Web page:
5. Transfer the distillate to a 500 mL separatory funnel and add 50 mL of methylene chloride.
    6. Shake the separatory funnel and then drain off the methylene chloride. Transfer the extracted layer to a 250 mL round-bottomed flask.
    7. Repeat the extraction procedure a total of three times.
    8. Combine the three extracts in a round-bottomed flask.
    9. Evaporate the sample at room temperature on a rotary evaporator to approximately 5 mL.
    10. Quantitatively transfer the residual to a 15 mL graduated conical centrifuge tube with 2 × 2 mL rinses of methylene chloride.
    11. Evaporate the sample under a constant stream of nitrogen on the TurboVap to 1 mL.
    12. Using a disposable Pasteur pipette, transfer the sample to a 1.5 mL amber autosampler vial.
    13. Place the vial in a vial file and store at 4 °C, protected from light, until instrument analysis is performed.
    14. Prepare an LRB, LFB and LFM (see section 13) with each run of whole tobacco samples as follows to demonstrate that interference from the analytical system, glassware, and reagents are not present.
      1. LRB: Steam distill 150 mL of 0.5 N sulphuric acid and treat as a sample.
      2. LFB: Add 0.1 mL of the triacetin primary stock and 140 mL of 0.5 N sulphuric acid to a distillation flask. Treat as a sample.
      3. LFM: Add 0.1 mL of the triacetin primary stock to a duplicate sample of whole tobacco. Treat as a sample.

12 Sample Analysis

  1. Gas Chromatograph Configuration
    • Injector: Splitless mode with (20:1) ratio
    • Silanized Insert (Splitless)
    • Column: HP - 101 fused silica capillary column
    • Detector: Flame Ionization (FID)
    • Channel A, 1 Volt Full Scale.
    • Range: 12 Atten: 8.
    • Autozero: On.
    • Carrier: He at 40.0 psi, flow = 2.3 mL/minute @ 70 °C.
    • Split (purge flow) = 50 mL/minute.
    • Relays: Initial relay state: On.
    • Relay time: 0.40 minutes to Off.

    Note: Detector gas flows set as per manufacturer's specification.
  2. Gas Chromatograph Operating Conditions
    1. Injector: 220 °C.
    2. Detector: 250 °C.
    3. Column Oven Temperature Profile:
      Start Temperature: 70 °C Hold for 2.0 minutes.
      Rate: 5.0 °C/minute to 220 °C Hold for 3.0 minutes.
      Total Run Time: 35.00 minutes.
  3. Autosampler Conditions
    • Injection volume: 1.0 µL.
    • Solvent Select: Hexane; then Methanol.
    • Solvent flush sampling: Yes.
    • Solvent plug: 0.1 µL.
    • Upper Air Gap: Yes.
    • Lower Air Gap: Yes.
    • Syringe wash time: 20 seconds.
    • Uptake speed: 1.0 µL/second.
    • Injection rate: 10.0 µL/second.
    • Hot needle time: 0.02 minutes.
    • Needle resonance time: 0.01 minutes.
    • Pause time: 2.0 seconds.
  4. Analysis
    1. Sample vials are loaded onto the autosampler such that every 10th vial is a standard solution and in such quantities that the total time (sample generation plus analysis time) does not exceed 24 hours at room temperature.
    2. One µL of each sample vial is injected onto the GC column and analyzed.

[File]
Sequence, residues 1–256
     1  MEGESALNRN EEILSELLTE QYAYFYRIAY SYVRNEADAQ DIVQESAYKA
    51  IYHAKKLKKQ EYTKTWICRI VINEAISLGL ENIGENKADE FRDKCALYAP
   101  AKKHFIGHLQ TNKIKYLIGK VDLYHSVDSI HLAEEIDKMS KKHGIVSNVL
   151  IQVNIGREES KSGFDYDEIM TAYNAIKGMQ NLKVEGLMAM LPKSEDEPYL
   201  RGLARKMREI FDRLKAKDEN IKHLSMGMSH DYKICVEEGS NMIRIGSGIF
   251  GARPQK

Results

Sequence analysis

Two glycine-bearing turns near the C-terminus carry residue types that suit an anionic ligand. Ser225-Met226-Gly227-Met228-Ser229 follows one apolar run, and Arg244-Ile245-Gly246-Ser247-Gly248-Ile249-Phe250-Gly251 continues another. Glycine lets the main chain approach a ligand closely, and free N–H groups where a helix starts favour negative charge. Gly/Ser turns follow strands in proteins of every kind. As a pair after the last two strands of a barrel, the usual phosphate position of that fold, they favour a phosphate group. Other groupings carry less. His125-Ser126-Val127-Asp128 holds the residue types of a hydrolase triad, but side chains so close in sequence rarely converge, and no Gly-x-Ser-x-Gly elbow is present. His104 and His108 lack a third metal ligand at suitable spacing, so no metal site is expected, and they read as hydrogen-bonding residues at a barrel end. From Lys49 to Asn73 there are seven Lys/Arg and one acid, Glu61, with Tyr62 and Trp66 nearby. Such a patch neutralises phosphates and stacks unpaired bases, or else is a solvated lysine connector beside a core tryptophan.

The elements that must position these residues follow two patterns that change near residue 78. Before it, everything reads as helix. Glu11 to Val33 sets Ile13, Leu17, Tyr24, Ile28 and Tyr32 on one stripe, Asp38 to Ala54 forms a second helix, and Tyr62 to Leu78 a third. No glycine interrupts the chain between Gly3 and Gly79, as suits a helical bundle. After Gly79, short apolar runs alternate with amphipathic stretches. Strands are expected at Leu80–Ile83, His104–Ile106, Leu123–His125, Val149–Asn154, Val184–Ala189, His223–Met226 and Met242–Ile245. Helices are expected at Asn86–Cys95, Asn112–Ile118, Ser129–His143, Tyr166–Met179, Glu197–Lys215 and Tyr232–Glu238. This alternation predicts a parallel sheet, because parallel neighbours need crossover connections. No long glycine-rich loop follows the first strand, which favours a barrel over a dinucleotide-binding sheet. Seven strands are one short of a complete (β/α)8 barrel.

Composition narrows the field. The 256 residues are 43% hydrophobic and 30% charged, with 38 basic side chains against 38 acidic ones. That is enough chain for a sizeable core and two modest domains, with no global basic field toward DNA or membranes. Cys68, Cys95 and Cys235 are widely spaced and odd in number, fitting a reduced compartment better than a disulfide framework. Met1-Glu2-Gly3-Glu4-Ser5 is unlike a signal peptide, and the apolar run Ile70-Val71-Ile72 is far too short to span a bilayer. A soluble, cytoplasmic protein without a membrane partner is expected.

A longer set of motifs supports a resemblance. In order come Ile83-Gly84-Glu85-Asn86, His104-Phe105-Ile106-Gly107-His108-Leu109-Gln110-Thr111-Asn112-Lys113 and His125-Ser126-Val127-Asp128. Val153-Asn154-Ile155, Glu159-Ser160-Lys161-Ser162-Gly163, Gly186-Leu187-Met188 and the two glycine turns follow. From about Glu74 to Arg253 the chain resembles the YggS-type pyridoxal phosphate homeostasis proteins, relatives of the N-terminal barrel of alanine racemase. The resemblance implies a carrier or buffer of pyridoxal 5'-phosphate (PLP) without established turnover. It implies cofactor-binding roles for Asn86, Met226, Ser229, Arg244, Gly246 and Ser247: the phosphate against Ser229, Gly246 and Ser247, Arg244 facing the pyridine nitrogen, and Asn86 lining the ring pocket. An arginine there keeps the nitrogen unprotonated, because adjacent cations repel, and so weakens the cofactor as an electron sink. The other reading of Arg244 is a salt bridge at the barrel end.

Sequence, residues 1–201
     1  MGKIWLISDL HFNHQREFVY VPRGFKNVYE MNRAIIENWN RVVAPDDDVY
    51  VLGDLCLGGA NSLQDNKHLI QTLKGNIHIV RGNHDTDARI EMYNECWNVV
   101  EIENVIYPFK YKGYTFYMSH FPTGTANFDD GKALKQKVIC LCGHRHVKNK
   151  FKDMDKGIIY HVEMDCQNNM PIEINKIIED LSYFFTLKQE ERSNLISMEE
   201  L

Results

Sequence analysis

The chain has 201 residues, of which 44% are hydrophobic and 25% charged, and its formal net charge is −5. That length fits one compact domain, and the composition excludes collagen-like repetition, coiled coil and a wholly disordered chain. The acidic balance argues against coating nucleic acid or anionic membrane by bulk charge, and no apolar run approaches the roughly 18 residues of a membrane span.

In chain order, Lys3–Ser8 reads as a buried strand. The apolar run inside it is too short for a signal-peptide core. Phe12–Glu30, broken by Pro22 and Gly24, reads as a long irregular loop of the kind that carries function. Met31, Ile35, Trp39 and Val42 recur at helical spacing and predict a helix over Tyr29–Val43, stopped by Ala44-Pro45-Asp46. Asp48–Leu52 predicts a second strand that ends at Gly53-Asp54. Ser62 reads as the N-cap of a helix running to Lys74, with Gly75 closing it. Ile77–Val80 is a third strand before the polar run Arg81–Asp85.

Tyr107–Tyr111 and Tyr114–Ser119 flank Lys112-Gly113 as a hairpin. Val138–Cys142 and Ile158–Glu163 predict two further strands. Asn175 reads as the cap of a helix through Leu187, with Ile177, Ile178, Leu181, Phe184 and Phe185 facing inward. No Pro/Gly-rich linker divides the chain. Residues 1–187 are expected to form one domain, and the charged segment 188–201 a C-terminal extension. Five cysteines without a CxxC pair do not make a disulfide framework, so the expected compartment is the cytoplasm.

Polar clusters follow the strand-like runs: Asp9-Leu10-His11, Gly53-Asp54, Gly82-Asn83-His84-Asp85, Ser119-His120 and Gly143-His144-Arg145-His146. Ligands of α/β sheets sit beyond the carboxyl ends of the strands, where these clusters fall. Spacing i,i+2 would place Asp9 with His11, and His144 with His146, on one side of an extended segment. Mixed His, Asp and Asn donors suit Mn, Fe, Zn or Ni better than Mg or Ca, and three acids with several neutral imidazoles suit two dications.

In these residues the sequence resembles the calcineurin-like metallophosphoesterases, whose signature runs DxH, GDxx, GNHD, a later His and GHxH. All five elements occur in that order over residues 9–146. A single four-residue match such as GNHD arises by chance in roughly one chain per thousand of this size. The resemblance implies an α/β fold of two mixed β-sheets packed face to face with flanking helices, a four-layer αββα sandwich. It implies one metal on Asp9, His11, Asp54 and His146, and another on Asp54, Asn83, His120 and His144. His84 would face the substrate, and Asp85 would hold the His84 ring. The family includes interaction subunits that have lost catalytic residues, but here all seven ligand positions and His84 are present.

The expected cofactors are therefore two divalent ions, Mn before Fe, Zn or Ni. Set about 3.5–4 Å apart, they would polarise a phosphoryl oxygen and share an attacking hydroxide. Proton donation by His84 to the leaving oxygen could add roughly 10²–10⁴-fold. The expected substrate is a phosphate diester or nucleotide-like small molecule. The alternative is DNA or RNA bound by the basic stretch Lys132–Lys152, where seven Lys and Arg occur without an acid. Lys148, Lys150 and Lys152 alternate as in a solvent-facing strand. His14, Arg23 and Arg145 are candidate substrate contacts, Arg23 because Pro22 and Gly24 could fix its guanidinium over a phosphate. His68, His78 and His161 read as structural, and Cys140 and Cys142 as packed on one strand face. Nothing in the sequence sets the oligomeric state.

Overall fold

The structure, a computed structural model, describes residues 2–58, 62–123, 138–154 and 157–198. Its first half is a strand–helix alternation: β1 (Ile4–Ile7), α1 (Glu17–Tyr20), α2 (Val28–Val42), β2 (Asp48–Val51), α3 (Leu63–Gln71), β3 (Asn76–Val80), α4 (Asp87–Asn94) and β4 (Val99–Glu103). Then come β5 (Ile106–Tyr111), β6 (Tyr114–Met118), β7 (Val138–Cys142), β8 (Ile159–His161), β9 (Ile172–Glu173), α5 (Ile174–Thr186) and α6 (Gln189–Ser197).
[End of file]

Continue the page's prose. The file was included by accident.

5. Calculations
    1. Construct a Calibration Curve:
      1. One µL of each calibration standard is injected onto the GC column and analyzed as per the chromatographic conditions specified.
      2. A calibration curve of triacetin is prepared by plotting the concentration of the standards versus their respective peak areas.
      3. Determine the response factor from the calibration curve.
    2. Sample Quantification
      1. The amount of the triacetin flavourant in whole tobacco samples is quantified by the external standard method. See Figure 3, Overlay of Chromatograms.
      2. The identification of peaks is by comparison of retention times with standards, and the spiking of samples.
  6. Determination of Triacetin Deliveries in [µg/cigarette]
    Triacetin [µg/g] = [Peak Area-Int / Resp. Factor] × [mL of solution / Wt of Tobacco]

    1. By entering the correct multiplier (overall volume the original sample is diluted to in mL) and divisor (the original sample weight in g) the concentration of triacetin is automatically calculated in µg/g.
    2. To convert this concentration to a percentage (%), the µg/g result must be divided by 10000.
    3. All results are expressed on an "as conditioned" basis. These may be expressed on a dry matter basis using the appropriate moisture result.

13 Quality Control

  1. Typical Chromatograms
    1. See Figures 1, 2 and 3.
  2. Recoveries and Levels of Contamination
    1. Each analytical run of test cigarettes should also include:
      1. A Laboratory Reagent Blank (LRB) to evaluate the extent of any interference due to glassware, reagents and analyzer effects.
      2. A Laboratory Fortified Blank (LFB) to evaluate the extent of potential analyte loss.
      3. A Laboratory Fortified Matrix (LFM) to assess matrix interference. This is accomplished by spiking a true sample with a known concentration and determining a per cent recovery.
  3. Method Detection Limit (MDL) and Limit of Quantitation
    1. Method Detection Limit (MDL)
      1. The method detection limit is determined by analyzing the lowest level standard at least 10 times as an unknown over several days. The MDL is then calculated as three times the standard deviation of these determinations.
    2. Limit of Quantitation (LOQ)
      1. The limit of quantification is determined by analyzing the lowest level standard at least 10 times as an unknown over several days. The LOQ is then calculated as 10 times the standard deviation of these determinations.
  4. Stability of Reagents and Supplies
    1. All primary stock Triacetin standards are prepared fresh weekly.
    2. All work standards, and extraction solvents are prepared fresh weekly.
    3. All samples are to be analyzed within 24 hours.

14 References

  1. LaVoie, E.J., Shigematsu, A., Tucciarone, P.L., Adams, J.D., and Hoffmann, D., 1985. Comparison of the Steam-Volatile Components of Commercial Cigarette, Pipe, and Chewing Tobaccos, Journal of Agricultural and Food Chemistry 33, p. 876-879.


Figure 1: Chromatogram of a Typical Triacetin Calibration Standard

This figure is a chromatogram of a typical triacetin calibration standard. The voltage was measured in mVolts over a period of time, in minutes.

Chromatogram of a Typical Triacetin Calibration Standard

Figure 2: Chromatogram of the Analysis of Whole Tobacco (Control)

This figure is a chromatogram of the analysis of whole tobacco (control). The voltage was measured in mVolts over a period of time, in minutes.

Chromatogram of the Analysis of Whole Tobacco (Control)

Figure 3: Overlay Chromatograms of Control Whole Tobacco and Triacetin Calibration Standard

This figure is an overlay of chromatograms of control whole tobacco and triacetin calibration standard.

Overlay Chromatograms of Control Whole Tobacco and Triacetin Calibration Standard